Offshore Survey – October 2003 by Christopher Owen
Number of offshore financial centres predicted to decline
The number of offshore financial centres worldwide could fall below 20 as businesses look to consolidate their offshore activities in quality jurisdictions, according to PricewaterhouseCoopers? Global Private Banking/Wealth Management Survey 2003. The trend to erode protection and enforce exchange of information was putting pressure on the offshore centres, said the survey. As a result wealth managers would continue to consolidate their operations and reduce the number of offshore centres in which they operate to one key centre in each region. Only some 20 or 30 out of the 50 existing offshore centres might be sustainable in the future, but this number might be even smaller. Wealth managers would need to consider carefully where they locate their business, according to the source and flow of wealth of their clients, the regulatory and tax environment, and the opportunity to reduce costs without undue impact on their service to customers. Key centres might encompass new rapidly growing jurisdictions such as Singapore and Dubai. The survey found that regulatory risk had become of major concern to wealth managers, with compliance, anti-money laundering and new regulatory developments being the top areas respondents were currently addressing. But a significant percentage of respondents had not yet taken action and about 40% of participants did not even respond, indicating that the level of preparedness might be exceedingly low. Scale would be a major factor in meeting the additional cost of regulation, particularly for those operating in multiple locations and for small players. Offshore financial centres, said the survey, had continued to tighten regulation in response to pressures from international regulatory bodies such as the Financial Action Task Force. But pressure to reform would continue to be placed on those not agreeing to full exchange of information. In addition to flow of clients’ funds, regulatory and tax considerations would be crucial, with only well-regulated and secure centres surviving. The regulatory framework, both onshore and offshore, had undergone a seismic shift and non-compliance and poor risk management were corporate suicide, said the survey. While there was evidence of increasingly sophisticated approaches to risk management, some wealth managers still lacked adequate systems to ensure that they were not handling the proceeds of crime. Wealth managers should place risk at the core of their strategic thinking and institutionalise the provision of risk information. Only 35% of respondents currently felt they had an integrated risk management system and only 32% expected to have a fully integrated system in three years, with the level of integration in Europe significantly lower than in North America.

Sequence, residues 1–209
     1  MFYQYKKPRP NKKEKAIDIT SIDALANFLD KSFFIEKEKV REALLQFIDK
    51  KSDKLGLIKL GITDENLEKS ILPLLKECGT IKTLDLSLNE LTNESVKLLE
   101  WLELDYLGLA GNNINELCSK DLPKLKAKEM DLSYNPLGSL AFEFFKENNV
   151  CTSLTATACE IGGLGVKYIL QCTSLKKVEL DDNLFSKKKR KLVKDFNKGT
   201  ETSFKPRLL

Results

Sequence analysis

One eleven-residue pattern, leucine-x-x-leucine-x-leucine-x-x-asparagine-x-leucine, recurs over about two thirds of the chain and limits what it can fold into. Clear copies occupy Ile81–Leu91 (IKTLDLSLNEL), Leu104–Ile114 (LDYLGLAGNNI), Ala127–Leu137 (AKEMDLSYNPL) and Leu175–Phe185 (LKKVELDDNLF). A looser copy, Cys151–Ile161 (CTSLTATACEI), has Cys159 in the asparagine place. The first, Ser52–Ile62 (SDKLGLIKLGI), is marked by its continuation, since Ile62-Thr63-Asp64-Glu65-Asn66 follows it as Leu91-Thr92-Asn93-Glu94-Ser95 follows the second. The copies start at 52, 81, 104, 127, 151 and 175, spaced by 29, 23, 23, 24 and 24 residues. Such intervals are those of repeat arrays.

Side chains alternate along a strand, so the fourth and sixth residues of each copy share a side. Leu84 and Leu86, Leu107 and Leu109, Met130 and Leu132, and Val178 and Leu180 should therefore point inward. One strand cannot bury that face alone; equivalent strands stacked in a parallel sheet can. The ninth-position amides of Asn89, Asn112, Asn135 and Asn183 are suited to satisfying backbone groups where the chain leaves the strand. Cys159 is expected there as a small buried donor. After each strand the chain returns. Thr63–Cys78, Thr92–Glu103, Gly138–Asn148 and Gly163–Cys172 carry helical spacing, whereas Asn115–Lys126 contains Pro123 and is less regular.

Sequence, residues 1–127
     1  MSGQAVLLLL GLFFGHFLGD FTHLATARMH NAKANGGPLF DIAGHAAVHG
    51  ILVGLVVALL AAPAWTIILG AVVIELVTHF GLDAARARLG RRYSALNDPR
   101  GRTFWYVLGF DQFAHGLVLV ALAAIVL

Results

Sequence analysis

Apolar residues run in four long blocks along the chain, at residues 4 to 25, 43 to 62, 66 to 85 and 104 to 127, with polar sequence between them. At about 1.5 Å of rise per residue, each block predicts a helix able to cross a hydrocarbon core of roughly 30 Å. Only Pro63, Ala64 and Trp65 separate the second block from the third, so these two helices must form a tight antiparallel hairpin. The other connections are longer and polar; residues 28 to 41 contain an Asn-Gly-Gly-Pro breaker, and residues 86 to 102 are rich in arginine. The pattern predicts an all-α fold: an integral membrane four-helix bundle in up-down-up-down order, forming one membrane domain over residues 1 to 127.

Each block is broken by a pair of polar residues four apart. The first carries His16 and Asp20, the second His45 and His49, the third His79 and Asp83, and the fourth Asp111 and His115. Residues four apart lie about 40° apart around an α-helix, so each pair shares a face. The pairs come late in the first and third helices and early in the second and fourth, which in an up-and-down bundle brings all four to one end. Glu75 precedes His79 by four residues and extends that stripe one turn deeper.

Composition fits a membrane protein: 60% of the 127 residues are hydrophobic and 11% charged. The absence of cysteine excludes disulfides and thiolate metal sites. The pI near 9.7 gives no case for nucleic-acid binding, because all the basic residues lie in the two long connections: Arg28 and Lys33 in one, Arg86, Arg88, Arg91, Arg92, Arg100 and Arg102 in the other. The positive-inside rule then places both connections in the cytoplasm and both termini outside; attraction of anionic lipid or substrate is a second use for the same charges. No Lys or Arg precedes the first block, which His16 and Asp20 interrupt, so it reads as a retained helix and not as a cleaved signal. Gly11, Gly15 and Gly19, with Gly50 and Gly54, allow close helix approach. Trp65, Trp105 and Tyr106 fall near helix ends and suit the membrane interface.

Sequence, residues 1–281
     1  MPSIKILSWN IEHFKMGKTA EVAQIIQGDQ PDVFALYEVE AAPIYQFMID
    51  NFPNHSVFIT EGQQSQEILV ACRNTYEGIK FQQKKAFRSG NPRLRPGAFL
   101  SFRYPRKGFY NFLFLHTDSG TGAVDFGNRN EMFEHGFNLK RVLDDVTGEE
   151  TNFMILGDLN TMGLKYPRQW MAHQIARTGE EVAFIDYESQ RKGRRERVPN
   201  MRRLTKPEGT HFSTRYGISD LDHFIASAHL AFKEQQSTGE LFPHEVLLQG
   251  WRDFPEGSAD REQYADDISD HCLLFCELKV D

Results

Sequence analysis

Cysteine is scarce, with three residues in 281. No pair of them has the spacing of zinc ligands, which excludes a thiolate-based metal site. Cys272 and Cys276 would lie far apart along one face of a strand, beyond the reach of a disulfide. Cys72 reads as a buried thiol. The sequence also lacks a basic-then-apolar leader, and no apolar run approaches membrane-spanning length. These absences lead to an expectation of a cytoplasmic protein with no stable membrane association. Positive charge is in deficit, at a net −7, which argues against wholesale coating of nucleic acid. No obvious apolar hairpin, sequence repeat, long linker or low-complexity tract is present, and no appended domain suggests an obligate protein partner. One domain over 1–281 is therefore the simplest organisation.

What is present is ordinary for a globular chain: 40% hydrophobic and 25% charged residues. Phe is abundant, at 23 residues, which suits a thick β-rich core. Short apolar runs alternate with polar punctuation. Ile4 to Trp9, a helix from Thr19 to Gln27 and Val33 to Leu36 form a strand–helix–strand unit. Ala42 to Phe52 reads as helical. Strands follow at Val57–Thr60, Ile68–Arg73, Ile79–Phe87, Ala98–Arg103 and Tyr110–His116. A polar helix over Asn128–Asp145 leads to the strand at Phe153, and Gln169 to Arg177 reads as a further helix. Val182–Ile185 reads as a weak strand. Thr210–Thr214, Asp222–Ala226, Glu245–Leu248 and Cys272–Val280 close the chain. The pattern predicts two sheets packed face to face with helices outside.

UK calls off sovereignty talks over Gibraltar
The UK has effectively abandoned talks with Spain on sharing sovereignty over Gibraltar after Europe Minister Denis MacShane told a Spanish newspaper on 9 June that the chances of achieving an agreement were zero. MacShane said: “I doubt that at the present time one can seriously expect the issue of Gibraltar to be able to return to the negotiating table with the hope of obtaining positive results. For the citizens (of Gibraltar) and the British parliament, the chances of achieving an agreement, which is not accepted by the Gibraltarians, are simply zero.” Negotiations on shared sovereignty between UK Foreign Secretary Jack Straw and his Spanish counterpart Ana Palacio stalled last summer on a number of “red line” issues, including the use of Gibraltar’s military base. Gibraltar overwhelmingly rejected a shared sovereignty deal in an unofficial referendum last November. The Gibraltar government received written confirmation from the UK in July that it had qualified for investment services ?passporting? rights into the EU and EEA single market. As a result, investment services providers based in Gibraltar and authorised by the Financial Services Commission may operate in other member states on the basis of their Gibraltar authorisation. This completes the three “passporting badges” for Gibraltar?s finance centre following the recognition of banking passporting rights in 1999 and insurance passporting rights in 1997. The Gibraltar government is now to commence the Investor Compensation Scheme Ordinance, which was passed by the House in July 2002. Investment services passporting rights will be operational as soon as the Investor Compensation Scheme is in place. Passporting rights do not apply to the sale of investment services products by Gibraltar-regulated entities into the UK. This is the subject of further bilateral discussion between the Gibraltar and UK governments.